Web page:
I fully support not relying at all on GitHub eventually, not only because of this specific event but because of its centralized status, which unsurprisingly creates censorship issues today, and will inevitably create other centralization-related issues tomorrow.
Here are the different services provided by GitHub that I can think of at the moment:
- The git repositories themselves.
- Related services: integrations, GitHub Apps, GitHub Actions.
- Content: governance proposals, pull requests, issues, metadata etc.
- As a website hosting service.
- As a collaboration tool: how good is GitHub compared to alternatives?
- As a social platform: what would be the impact of leaving GitHub for the community?
We could start the process of relying less on GitHub in various ways:
We could host our websites elsewhere, while keeping the sources on GitHub. I don’t think this would have any impact nor would be a hard thing to do − they are all static websites.
For git itself, the most obvious one would be to start having read-only mirrors (not accepting contributions from there) of our git repositories on other platforms, like a self-hosted GitLab, Pando, git-ssb, radicle. I think this is something that could be started easily because it doesn’t have much implication other than the time needed to put it together and to maintain it. I am only refering to git itself here: I don’t think it could be worth trying to mirror the projects content (pull requests and issues) because I don’t see platforms as compatible enough to achieve this in a way that would work for us.
We could also start accepting contributions from other platforms, like a self-hosted GitLab, while still using GitHub as our main contribution tool. I think this one would add a logical next step, that could have a relatively low impact on the teams and could be a great option to have for the Aragon
community in general. It would split some content (the pull requests content), and we would lose some of the GitHub features (e.g. an issue mentionned by a PR on GitLab wouldn’t automatically show it), but I don’t see it as a big issue, we can always do these manually.
We could move away from using GitHub as our main collaboration tool, and start using another platform like a self-hosted GitLab. We could still mirror our repositories on GitHub. It would require to migrate the services we use on GitHub for the GitLab equivalents when possible, which could require some effort. As a collaboration tool itself, I don’t think it would be much of a problem: GitLab is different but very similar to GitHub. It provides many features and its quality as a tool is generally excellent.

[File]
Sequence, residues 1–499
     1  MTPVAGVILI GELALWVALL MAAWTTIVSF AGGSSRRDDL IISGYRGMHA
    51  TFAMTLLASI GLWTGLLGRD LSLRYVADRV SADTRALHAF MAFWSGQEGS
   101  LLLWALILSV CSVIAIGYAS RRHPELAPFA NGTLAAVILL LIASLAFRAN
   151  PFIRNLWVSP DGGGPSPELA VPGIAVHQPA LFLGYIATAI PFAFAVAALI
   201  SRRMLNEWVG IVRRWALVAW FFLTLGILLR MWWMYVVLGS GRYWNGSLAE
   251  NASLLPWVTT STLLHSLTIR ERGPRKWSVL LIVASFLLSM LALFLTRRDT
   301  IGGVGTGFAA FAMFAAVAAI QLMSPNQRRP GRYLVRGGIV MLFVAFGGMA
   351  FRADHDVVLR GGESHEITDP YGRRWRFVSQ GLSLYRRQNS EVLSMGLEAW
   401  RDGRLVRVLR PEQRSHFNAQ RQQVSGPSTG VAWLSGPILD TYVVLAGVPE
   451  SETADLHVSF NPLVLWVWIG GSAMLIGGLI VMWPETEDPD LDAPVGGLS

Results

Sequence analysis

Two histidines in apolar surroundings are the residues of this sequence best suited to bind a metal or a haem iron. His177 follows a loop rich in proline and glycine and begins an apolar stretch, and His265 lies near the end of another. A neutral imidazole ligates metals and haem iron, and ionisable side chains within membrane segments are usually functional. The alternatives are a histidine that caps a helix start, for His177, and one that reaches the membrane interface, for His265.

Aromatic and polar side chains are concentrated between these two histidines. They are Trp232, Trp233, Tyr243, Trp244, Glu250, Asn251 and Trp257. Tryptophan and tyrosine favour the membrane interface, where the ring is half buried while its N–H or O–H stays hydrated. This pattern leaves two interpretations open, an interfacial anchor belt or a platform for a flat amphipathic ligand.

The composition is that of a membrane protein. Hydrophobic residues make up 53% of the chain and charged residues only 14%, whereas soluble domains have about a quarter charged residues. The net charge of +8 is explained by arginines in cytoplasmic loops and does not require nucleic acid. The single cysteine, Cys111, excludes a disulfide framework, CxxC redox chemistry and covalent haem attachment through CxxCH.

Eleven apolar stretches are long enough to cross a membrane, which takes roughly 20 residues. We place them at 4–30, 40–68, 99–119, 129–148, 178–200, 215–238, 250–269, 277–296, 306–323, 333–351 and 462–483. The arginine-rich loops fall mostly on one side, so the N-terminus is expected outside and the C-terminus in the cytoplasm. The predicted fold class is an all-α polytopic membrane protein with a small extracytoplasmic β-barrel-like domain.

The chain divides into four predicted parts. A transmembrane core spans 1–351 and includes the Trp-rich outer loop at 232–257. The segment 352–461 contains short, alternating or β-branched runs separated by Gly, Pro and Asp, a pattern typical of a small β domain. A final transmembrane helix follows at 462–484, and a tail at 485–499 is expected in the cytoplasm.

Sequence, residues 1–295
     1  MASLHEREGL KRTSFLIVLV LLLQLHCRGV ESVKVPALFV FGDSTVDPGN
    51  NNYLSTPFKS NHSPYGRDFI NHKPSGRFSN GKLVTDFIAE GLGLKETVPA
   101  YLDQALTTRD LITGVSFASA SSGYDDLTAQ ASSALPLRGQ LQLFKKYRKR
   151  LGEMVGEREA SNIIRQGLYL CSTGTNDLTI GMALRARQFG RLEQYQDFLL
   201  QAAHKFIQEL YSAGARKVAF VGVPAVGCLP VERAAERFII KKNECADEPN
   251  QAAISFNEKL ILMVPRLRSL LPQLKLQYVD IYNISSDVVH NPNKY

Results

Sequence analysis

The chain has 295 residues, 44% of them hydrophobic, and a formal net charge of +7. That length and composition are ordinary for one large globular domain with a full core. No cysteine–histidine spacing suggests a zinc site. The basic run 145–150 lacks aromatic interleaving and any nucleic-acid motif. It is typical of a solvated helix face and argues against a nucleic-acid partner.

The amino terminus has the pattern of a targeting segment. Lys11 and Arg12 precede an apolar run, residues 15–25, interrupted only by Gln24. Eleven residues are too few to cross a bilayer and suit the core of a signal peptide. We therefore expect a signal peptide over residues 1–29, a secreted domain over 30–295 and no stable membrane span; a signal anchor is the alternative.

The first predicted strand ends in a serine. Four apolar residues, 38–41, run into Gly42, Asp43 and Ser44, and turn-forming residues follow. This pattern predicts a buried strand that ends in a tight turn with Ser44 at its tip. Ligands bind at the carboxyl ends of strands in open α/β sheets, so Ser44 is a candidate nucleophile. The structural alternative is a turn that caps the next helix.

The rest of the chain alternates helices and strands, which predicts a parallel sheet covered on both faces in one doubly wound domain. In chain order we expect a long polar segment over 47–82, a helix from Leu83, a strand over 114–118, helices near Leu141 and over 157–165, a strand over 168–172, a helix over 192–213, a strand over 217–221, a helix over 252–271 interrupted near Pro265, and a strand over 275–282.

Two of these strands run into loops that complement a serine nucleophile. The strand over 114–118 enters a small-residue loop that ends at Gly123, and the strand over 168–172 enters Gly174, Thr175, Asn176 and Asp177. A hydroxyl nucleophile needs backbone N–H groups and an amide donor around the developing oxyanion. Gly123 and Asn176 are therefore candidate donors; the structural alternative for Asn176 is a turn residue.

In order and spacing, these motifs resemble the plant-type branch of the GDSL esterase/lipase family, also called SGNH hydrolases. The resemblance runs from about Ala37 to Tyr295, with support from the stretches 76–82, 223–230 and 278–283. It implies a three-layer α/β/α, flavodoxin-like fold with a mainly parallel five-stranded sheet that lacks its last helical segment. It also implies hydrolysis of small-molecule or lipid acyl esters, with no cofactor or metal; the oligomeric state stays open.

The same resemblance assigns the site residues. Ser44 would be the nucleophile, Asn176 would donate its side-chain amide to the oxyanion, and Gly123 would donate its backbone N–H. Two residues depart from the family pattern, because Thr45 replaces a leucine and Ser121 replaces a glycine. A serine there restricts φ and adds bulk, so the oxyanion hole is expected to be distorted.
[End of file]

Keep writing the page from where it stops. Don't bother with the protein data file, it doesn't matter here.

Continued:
But I think this might be the point where we might start seeing a significant impact on the contributions and the visibility of the project. It’s not only about asking one person to move to GitLab, but more about the invisible frictions it can generate. We might be tempted to think that contributions from
people not willing to move to a less centralized tool might are not a big loss, but we need to remember that for beginners, starting contributing to open source projects is not an easy task on its own. Concepts like pull requests, online collaboration, and of course git itself are not easy to learn. I think
that any barrier added to that could make the difference between contributing to one project or another.
We might also think that GitHub is only a collaboration tool, but many people also use it as a “developers social network”, myself included. Being on GitHub means being able to interact with other GitHub projects, getting some visibility with the trending page, and generally “being where people are”. Projects can be very successful outside of GitHub (git , GNOME, Inkscape and many
others), but things might be different for Aragon at this stage: the age, popularity, and communities of these projects are not the same, and the impact of doing it now might be different for Aragon.
About the comparison with our move from Medium to a self hosted blog, and from Slack to Rocket.chat, I think this is very true in a way (a self-hosted GitLab feels much more aligned with the Aragon values), but the context is also slightly different: in the case of Medium, most people were only opening a URL to read content, they still do the same. In the case of Slack, people had to create a specific account for the Aragon Slack, so it hasn’t really changed. But in the case of a move from GitHub to GitLab, we are asking newcomers (assuming newcomers already have a GitHub account) to move to a new platform before they can contribute, instead of starting to contribute directly.
TL;DR: I agree with doing the move, but I think now is too early, for reasons similar to our choice of using a service like Twitter: it is where most people are.